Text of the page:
Using Docker Containers for easy local WordPress development?
Creating WordPress development environment using Docker containers.
This will cover off setting up a Docker container for local WordPress development & mounting the container folder for easier development.
NOTE: Updated to note possible performance issue in Docker using Windows Containers and mounted volumes. See the end of this post.
Why do this?
Typically when doing any kind of WordPress work (Which is exceptionally rare for me), I would spin up a new WP instance on my host, or use something like a local LAMP/XAMP server.
Whilst this works, leveraging things like Docker mean almost zero configuration and more time developing. Better still, these then become throwaway environments!
The only requirement for this is the installation of Docker (https://www.docker.com)
Creating the WordPress instance
Firstly, create the folder where the configuration will live, for example
C:\Docker\Wordpress In this folder we need to make a file named
docker-compose.yml. This will be the YAML file detailing our wordpress installation – such as login information and MySQL setup.
In this file, copy and paste the content below:
version: '3.1' services: wordpress: image: wordpress restart: always ports: - 1234:80 environment: WORDPRESS_DB_HOST: db WORDPRESS_DB_USER: exampleuser WORDPRESS_DB_PASSWORD: examplepass WORDPRESS_DB_NAME: exampledb db: image: mysql:5.7 restart: always environment: MYSQL_DATABASE: exampledb MYSQL_USER: exampleuser MYSQL_PASSWORD: examplepass MYSQL_RANDOM_ROOT_PASSWORD: '1'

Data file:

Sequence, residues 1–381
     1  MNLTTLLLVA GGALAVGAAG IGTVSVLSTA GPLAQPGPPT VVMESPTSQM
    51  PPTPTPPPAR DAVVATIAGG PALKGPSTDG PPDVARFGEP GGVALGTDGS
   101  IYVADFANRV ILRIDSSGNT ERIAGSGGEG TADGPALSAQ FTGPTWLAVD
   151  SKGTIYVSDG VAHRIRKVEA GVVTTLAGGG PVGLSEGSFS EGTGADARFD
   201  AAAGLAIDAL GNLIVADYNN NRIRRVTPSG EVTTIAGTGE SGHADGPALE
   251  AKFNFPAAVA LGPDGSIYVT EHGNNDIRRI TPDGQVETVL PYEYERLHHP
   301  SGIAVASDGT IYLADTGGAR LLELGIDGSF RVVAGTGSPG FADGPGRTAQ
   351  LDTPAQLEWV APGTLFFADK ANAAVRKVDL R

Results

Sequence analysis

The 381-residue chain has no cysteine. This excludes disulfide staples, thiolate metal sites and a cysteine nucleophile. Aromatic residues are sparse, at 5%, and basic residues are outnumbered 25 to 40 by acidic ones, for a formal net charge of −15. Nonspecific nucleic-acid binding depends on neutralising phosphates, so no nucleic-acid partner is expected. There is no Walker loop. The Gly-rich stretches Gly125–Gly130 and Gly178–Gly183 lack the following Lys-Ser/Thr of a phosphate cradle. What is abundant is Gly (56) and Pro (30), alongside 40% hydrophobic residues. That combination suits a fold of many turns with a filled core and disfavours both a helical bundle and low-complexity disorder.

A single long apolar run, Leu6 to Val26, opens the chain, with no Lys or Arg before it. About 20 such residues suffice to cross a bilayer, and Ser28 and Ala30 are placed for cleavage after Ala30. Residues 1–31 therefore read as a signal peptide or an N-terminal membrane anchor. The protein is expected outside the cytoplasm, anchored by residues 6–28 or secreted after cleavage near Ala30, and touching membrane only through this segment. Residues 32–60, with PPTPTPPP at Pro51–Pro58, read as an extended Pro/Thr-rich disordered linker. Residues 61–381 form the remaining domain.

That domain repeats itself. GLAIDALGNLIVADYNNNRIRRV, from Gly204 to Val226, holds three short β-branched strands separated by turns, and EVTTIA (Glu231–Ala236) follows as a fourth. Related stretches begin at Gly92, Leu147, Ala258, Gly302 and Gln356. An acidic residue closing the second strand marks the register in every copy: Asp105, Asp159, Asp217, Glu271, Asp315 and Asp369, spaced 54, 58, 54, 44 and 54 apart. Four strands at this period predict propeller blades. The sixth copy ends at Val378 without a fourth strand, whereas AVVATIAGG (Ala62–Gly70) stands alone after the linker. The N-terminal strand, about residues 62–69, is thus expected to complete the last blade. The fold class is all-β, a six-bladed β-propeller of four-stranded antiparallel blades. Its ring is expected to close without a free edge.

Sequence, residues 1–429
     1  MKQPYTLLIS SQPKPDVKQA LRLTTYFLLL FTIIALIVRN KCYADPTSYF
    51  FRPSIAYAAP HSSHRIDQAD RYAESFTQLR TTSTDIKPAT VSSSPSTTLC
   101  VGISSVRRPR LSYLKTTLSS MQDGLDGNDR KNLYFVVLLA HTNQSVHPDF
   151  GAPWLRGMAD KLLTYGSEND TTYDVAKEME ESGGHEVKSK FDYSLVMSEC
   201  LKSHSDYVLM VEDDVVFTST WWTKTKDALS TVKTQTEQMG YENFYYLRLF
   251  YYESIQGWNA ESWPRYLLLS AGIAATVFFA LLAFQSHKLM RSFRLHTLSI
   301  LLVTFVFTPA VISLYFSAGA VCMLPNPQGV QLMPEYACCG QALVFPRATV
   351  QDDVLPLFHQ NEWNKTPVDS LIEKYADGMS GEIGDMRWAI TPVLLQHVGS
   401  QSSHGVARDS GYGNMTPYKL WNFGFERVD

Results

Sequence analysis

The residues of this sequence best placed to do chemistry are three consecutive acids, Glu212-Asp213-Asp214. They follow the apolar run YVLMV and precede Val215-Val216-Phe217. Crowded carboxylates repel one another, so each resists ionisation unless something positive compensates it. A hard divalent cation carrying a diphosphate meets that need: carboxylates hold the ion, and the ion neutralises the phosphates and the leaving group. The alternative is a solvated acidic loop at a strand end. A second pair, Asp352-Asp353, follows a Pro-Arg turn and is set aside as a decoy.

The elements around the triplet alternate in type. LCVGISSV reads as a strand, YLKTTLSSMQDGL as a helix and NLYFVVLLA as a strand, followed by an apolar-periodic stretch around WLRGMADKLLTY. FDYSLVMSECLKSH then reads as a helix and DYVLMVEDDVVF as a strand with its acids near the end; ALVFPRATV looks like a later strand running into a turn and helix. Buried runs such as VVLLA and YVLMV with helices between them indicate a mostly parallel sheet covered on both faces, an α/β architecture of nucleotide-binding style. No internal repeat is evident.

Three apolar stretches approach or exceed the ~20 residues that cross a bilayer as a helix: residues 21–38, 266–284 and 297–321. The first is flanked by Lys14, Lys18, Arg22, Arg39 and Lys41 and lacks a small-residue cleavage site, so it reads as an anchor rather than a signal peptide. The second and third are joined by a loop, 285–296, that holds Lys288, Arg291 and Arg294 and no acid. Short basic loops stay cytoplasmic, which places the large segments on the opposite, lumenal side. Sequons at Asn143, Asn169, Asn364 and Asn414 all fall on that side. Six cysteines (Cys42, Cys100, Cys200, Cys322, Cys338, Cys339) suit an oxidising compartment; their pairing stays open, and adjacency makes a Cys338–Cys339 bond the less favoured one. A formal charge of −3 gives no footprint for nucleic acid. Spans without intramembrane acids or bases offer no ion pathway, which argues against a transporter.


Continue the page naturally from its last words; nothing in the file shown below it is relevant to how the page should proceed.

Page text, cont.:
This will tell Docker that we need to use the image name “WordPress” from the Docker Hub (https://hub.docker.com/_/wordpress), forward port 80 of the container (Which will be the exposed website) to port number 1234 of the parent host. This means going to http://localhost:1234 would go to port 80 of the docker container.
Finally to use MySQL v5.7 as our database. You shouldn’t need to change this information, but if you do, make sure that the Database information in the
wordpress section matches the information in the
Once this file is saved, we can run
docker-compose up -d whilst in the same directory. This will take the YAML file, download any images that are not already on the local system and then set WordPress and MySQL up based on the YAML.
Note:: If you get the error
no matching manifest for windows/amd64 in the manifest list entrieswhen running this command, and you are on Windows 10, you will need to enable “Experimental Mode” in your Docker installation. To do this, right-click on Docker in the system tray and go to settings, checking the box named “Experimental mode”.
Note:: If you get an error like
ERROR: for wordpress_db_1 Cannot create container for service db:, this is usually caused by there being a conflict in ports. Try changing the external port (in this example “1234” for something else)
We can confirm if the docker container is running by running
docker ps to list all running containers, or by going to http://localhost:1234 (The port will be whatever you set it to in the YAML)
From here you can follow the standard WordPress installation steps.
Stopping and starting instances
You can stop and start instances by doing the following: